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Beyblade, known in Japan as Explosive Shoot Beyblade (爆転シュートベイブレード, Bakuten Shūto Beiburēdo), is a Japanese manga series written and illustrated by Takao Aoki [ja] to promote sales of spinning tops called "Beyblades" developed by Takara Tomy. The series focuses on a group of kids who form teams with which they battle one another using Beyblades. Originally serialized in CoroCoro Comic from September 1999 to July 2004, the individual chapters were collected and published in 14 tankōbon by Shogakukan and was licensed for English-language release in North America by Viz Media.

Cover of the fifth tankōbon volume featuring Takao (center), Rei (left), Kai (top) and Max (right).
(Bakuten Shūto Beiburēdo)
Written byTakao Aoki
Published byShogakukan
English publisher
MagazineCoroCoro Comic
Original runSeptember 1999July 2004
Anime television series
Directed byToshifumi Kawase
Produced byMasao Maruyama
Jae-Young Kim
Eun-Mi Lee
Written byKazuhiko Soma
Tatsuhiko Urahata
Music byYoshihisa Hirano
Licensed by
Original networkTV Tokyo
English network
Original run January 8, 2001 December 24, 2001
Episodes51 (List of episodes)
Anime television series
Beyblade V-Force
Directed byYoshio Takeuchi
Produced byShin'ichi Ikeda
Susumu Matsuyama
Kanehide Sai
Written byYoshifumi Fukushima
Music byHiruyuki Hayase
StudioNippon Animation
Licensed by
Original networkTV Tokyo
English network
Original run January 7, 2002 December 30, 2002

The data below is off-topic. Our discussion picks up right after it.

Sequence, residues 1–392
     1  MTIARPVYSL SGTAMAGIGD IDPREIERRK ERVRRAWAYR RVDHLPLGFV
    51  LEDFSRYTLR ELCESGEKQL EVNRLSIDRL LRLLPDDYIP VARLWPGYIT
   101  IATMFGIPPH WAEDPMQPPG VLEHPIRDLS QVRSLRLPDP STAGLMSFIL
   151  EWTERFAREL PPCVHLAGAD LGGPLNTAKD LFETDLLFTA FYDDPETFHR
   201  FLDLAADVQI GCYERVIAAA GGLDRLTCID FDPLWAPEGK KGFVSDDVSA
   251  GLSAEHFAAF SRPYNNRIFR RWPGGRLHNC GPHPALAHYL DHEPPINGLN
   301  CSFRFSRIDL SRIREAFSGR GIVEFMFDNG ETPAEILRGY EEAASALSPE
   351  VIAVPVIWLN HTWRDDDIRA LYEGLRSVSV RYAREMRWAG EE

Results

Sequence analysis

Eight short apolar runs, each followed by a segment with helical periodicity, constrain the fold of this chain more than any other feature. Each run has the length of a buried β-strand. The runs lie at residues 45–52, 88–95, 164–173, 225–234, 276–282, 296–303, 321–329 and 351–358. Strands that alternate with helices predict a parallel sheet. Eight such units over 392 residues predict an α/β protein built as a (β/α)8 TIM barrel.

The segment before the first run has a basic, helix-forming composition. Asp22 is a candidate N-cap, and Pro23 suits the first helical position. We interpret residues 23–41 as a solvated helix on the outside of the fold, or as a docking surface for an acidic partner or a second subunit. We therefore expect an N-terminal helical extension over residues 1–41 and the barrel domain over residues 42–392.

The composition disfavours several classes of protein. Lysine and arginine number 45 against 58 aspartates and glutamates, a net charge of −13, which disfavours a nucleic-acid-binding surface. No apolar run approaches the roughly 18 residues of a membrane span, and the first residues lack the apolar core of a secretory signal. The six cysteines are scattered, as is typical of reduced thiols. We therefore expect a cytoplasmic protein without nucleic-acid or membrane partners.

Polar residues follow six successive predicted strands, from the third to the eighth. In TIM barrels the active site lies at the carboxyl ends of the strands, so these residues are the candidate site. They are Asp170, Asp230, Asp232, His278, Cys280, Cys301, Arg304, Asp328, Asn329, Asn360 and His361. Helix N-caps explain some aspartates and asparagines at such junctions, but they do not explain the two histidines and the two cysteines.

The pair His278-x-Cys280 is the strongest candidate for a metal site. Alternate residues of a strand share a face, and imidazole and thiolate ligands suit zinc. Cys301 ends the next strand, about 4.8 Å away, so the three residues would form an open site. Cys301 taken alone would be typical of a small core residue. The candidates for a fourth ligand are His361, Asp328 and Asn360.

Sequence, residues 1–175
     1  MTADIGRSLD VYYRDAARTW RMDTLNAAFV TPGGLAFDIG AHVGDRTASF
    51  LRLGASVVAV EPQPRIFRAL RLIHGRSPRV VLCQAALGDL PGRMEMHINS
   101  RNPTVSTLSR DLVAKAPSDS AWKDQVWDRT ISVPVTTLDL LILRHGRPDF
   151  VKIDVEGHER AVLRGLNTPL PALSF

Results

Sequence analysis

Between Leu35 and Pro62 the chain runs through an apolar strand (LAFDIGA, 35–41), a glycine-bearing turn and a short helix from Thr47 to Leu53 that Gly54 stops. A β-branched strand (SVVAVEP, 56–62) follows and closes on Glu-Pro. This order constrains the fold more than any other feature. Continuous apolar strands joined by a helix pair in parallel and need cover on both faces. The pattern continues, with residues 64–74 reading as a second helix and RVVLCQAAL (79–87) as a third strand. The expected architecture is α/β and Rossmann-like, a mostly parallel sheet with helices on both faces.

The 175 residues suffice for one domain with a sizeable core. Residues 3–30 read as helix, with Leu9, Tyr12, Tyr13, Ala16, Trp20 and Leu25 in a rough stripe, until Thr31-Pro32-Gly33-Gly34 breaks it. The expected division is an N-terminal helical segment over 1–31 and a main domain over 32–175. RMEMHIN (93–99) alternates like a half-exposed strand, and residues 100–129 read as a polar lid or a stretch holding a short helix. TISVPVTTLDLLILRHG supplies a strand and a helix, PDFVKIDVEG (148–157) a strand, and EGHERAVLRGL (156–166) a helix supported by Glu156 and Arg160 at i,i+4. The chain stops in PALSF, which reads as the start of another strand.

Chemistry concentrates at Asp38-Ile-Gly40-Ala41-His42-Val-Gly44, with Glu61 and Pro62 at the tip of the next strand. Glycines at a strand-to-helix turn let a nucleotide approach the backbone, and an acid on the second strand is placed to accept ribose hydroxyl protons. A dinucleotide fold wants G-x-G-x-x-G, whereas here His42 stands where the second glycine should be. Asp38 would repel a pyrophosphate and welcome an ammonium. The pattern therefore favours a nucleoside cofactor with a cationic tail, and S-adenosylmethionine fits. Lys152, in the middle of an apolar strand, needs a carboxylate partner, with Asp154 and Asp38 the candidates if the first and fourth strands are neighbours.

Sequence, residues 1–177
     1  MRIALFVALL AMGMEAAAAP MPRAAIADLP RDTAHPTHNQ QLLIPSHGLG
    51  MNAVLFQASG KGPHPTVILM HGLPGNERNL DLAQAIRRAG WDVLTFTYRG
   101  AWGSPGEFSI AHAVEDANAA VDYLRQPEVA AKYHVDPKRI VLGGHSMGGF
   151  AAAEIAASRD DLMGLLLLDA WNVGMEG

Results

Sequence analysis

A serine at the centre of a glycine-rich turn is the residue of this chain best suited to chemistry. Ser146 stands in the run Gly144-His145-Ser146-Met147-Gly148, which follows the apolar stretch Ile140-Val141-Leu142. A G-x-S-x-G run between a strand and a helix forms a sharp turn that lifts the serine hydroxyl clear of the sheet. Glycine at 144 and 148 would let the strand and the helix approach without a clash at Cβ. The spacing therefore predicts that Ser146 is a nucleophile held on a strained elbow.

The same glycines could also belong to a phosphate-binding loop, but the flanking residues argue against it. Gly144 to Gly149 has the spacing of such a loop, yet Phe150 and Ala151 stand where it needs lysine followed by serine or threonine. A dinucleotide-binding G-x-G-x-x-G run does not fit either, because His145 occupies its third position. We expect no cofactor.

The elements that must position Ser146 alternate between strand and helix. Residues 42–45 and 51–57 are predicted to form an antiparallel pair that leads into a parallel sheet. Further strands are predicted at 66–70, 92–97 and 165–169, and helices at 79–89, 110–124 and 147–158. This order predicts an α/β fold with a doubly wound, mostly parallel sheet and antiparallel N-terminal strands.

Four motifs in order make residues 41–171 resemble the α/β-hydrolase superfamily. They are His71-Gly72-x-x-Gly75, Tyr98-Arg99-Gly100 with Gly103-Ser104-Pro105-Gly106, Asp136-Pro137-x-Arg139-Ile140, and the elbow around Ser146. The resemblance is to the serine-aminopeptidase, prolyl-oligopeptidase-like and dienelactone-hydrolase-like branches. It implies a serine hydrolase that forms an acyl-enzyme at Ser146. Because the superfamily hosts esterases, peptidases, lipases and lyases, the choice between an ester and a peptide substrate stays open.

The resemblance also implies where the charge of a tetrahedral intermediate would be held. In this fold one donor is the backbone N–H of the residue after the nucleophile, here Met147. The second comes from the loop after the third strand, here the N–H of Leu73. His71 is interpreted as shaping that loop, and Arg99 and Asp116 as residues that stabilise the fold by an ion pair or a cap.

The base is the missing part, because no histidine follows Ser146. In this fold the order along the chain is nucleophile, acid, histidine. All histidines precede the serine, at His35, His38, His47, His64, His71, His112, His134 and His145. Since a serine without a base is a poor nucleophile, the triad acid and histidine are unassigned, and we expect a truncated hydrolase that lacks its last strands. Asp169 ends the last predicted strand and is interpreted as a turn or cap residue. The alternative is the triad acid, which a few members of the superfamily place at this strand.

Episodes51 (List of episodes)
Anime television series
Beyblade G-Revolution
Directed byMitsuo Hashimoto
Produced byShin'ichi Ikeda
Susumu Matsuyama
Mamiko Aoki
Shunju Aoki
Written byJiro Takayama
Music byYasuharu Takanashi
StudioNippon Animation
Licensed by
Original networkTV Tokyo
English network
Original run January 6, 2003 December 29, 2003
Episodes52 (List of episodes)
Bakuten Shoot Beyblade: Rising
Written byTakao Aoki
Published byShogakukan
MagazineCoroCoro Aniki Comic
Original runJuly 2016 – present
Related manga
Related anime
Wikipe-tan face.svg Anime and Manga portal

An anime adaptation aired in Japan on TV Tokyo from January 8, 2001, to December 24, 2001 and was followed by two sequel series, Beyblade V-Force and Beyblade G-Revolution, and the 2002 film Beyblade: Fierce Battle. Nelvana licensed and produced English-language adaptations of the anime series and the film.


Beyblade Edit

Tyson Granger (木ノ宮タカオ, Takao Kinomiya) is an enthusiastic young man who loves Beyblade who begins his journey after befriending fellow Beyblade enthusiast, Kenny, and drawing the attention of Kai Hiwatari, a formidable Blader, after defeating Carlos, the leader of his neighborhood's Beyblade gang, the Blade Sharks. Tyson and Kai develop a rivalry that leads to him discovering that his Beyblade contains a Bit-Beast named Dragoon. Seeking to challenge Kai again, Tyson competes in the Japanese Regional Beyblade Qualifying Tournament and befriends fellow competitors, Ray Kon and Max Tate, both of whom possess their own Bit-Beast.

After winning the tournament, he would form a team with Kai, Ray and Max named the Bladebreakers. Kenny tags along as their manager. The Bladebreakers tour to China to register for the championships while confronting the White Tigers, Ray's former team. It is seen that Ray's old team holds a grudge against him for leaving them. Toward the end of the Chinese tournament, Ray and his ex-teammates make amends, and the Bladebreakers win the tournament.

After this, Tyson and his friends arrive in the United States to fight the All Starz, who are coached by Max's mother. After winning the American League, the team finds itself stranded in Europe. They tour Europe and meet Oliver, Enrique, Johnny and Robert, who go by the name Majestics.